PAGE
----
Introducing the Ford F-150: Aluminum but a Whole Lot More
While Ford has reset the stakes in the light-duty pickup market with the aluminum-intensive F-150, that’s not the whole story of what they’ve done to this new generation of America’s best-selling vehicle.
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Matt O’Leary, Ford Vehicle Line Director—North America Trucks, SUVs and Commercial Vehicle, says that when work was undertaken for the development of the 2015 F-150 some four-and-a-half years ago, they looked at an array of materials strategies. Which is to say, conceivably, the vehicle, which is not only the first all-aluminum light-duty pickup in history, but probably the only pickup truck ever about which people know and talk about the material that’s used to build it, could have been steel. Or it could have been less aluminum.
But O’Leary goes on to explain that one of the drivers for the use of aluminum was Ford’s commitment to improving vehicle performance through light weighting. They had done considerable work on powertrain, such as the development of the direct-injected, turbocharged EcoBoost engine, which went into production in 2009. So the com-pany had to do something more. Which led to an investigation of aluminum.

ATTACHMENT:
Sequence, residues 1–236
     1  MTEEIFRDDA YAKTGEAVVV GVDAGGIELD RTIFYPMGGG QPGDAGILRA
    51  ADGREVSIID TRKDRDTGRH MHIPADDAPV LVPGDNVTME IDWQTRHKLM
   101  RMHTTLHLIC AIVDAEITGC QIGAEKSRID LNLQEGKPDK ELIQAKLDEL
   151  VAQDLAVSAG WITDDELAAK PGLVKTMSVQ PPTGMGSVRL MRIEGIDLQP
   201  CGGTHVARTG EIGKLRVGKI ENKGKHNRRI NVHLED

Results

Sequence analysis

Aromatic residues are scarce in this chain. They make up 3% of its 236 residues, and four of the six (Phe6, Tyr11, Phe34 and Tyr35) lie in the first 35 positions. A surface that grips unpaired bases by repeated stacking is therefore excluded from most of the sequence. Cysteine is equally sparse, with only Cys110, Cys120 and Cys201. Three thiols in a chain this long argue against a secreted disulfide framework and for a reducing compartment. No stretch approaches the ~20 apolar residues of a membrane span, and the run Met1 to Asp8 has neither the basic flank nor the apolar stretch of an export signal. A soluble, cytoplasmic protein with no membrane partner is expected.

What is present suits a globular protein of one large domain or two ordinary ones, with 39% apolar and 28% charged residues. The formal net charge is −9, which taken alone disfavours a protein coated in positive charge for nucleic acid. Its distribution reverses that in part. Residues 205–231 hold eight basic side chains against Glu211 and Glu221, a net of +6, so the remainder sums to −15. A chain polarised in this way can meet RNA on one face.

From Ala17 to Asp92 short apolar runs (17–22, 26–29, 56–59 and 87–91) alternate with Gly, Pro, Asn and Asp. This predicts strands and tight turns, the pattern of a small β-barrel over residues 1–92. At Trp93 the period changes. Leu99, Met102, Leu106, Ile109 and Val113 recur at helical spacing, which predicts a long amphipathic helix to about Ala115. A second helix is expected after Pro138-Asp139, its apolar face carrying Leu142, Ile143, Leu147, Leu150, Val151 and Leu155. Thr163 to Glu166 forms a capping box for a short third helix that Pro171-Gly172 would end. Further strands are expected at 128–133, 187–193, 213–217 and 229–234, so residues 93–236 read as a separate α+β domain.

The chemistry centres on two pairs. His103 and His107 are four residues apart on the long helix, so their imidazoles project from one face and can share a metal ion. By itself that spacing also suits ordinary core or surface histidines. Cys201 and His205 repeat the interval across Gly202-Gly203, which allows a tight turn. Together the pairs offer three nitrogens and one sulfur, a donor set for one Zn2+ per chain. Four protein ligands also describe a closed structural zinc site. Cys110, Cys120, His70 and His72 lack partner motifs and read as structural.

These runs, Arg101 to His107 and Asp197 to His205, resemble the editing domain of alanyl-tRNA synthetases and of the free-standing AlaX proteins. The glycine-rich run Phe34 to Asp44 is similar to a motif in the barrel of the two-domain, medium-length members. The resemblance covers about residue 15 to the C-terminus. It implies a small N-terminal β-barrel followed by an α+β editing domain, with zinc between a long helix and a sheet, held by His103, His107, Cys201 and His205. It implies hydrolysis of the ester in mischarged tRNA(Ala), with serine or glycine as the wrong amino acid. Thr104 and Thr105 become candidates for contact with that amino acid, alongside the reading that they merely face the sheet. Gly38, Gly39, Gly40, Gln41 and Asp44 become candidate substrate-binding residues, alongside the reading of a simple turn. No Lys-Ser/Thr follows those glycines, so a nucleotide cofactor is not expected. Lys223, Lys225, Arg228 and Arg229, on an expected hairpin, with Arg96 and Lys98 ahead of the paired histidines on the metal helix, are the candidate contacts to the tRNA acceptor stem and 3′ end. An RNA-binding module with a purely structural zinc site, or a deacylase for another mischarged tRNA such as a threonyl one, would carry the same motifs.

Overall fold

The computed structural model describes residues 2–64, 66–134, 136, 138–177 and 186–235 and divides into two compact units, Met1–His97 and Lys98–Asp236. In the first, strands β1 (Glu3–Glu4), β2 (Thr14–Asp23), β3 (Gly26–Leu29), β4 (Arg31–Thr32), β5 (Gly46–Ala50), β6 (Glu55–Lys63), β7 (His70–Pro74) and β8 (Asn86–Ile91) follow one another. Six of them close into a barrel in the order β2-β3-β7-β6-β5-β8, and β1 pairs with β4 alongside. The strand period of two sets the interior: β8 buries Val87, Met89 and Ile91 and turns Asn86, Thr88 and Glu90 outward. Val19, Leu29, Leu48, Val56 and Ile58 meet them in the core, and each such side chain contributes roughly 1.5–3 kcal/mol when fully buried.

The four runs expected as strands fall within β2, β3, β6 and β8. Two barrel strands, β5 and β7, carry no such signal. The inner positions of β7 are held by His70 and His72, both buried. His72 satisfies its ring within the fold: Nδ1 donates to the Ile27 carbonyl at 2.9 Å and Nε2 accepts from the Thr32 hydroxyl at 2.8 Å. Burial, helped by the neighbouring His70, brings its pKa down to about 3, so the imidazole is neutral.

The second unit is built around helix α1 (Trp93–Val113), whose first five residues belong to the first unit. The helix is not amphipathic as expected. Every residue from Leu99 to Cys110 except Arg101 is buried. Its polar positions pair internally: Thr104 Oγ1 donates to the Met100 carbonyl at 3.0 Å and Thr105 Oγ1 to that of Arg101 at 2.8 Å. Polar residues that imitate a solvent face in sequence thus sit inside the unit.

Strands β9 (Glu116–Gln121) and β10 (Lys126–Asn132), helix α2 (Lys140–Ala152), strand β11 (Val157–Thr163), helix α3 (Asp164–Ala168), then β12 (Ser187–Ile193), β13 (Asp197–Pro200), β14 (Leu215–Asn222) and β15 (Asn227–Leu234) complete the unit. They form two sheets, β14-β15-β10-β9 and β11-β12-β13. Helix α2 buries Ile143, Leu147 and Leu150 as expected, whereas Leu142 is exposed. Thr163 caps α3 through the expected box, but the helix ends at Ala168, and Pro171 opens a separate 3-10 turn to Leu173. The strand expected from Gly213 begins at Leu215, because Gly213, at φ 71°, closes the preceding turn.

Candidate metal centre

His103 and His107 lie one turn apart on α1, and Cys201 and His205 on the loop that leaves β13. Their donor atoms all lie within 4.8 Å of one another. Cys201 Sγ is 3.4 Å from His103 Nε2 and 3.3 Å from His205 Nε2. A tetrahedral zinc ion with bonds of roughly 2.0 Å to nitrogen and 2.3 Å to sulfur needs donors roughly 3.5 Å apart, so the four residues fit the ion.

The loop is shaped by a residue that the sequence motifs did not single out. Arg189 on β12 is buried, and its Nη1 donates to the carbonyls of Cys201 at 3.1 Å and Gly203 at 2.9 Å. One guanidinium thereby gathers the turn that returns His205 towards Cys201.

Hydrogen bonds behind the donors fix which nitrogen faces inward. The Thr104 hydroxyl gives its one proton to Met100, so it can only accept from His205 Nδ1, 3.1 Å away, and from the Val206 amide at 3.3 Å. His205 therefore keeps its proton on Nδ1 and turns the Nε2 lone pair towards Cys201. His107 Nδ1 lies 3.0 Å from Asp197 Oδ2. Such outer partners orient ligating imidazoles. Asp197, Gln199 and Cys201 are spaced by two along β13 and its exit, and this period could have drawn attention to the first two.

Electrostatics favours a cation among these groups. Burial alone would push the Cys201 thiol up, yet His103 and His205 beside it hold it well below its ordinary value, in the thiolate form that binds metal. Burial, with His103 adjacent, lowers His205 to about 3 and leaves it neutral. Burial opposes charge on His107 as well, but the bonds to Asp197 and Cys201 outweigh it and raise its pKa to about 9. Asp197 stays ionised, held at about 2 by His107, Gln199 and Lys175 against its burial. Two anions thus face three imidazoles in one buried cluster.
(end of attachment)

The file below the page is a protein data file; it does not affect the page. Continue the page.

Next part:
According to Pete Reyes, 2015 F-150 chief engineer, much of the work that had been done on developing the aluminum-intensive Jaguar and Land Rover vehicles (remember: Ford owned the two companies through the 2000s, until 2008) had been performed in Dearborn, so there were still people on staff who had deep familiarity with the material, to say nothing of continued friendships and associations with the people at Jaguar Land Rover, who continue to work with the nonferrous material.
While some people wonder about the viability of using aluminum in a truck application (although Ford people are quick to point out that aluminum is used for Class 8 trucks—to say nothing of Bradley fighting vehicles), Reyes said that when he was assigned to the program, his concern was with formability. He wasn’t concerned with durability, especially as, he says, they were developing the truck using a 6000 alloy rather than the 5000 alloy material that is more typically used for automotive use.
So they proceeded. And they came up with clever ways to determine how the trucks would stand up to abuse. They determined who would be their most-demanding customers—the so-called 1% who put their trucks to the most extreme tests—and made trucks that appeared to be 2014 vehicles and let three of these customers put the trucks to work. The differ-ence between the normal truck and the six that they built for this program was the use of aluminum cargo boxes in place of the then-conventional steel.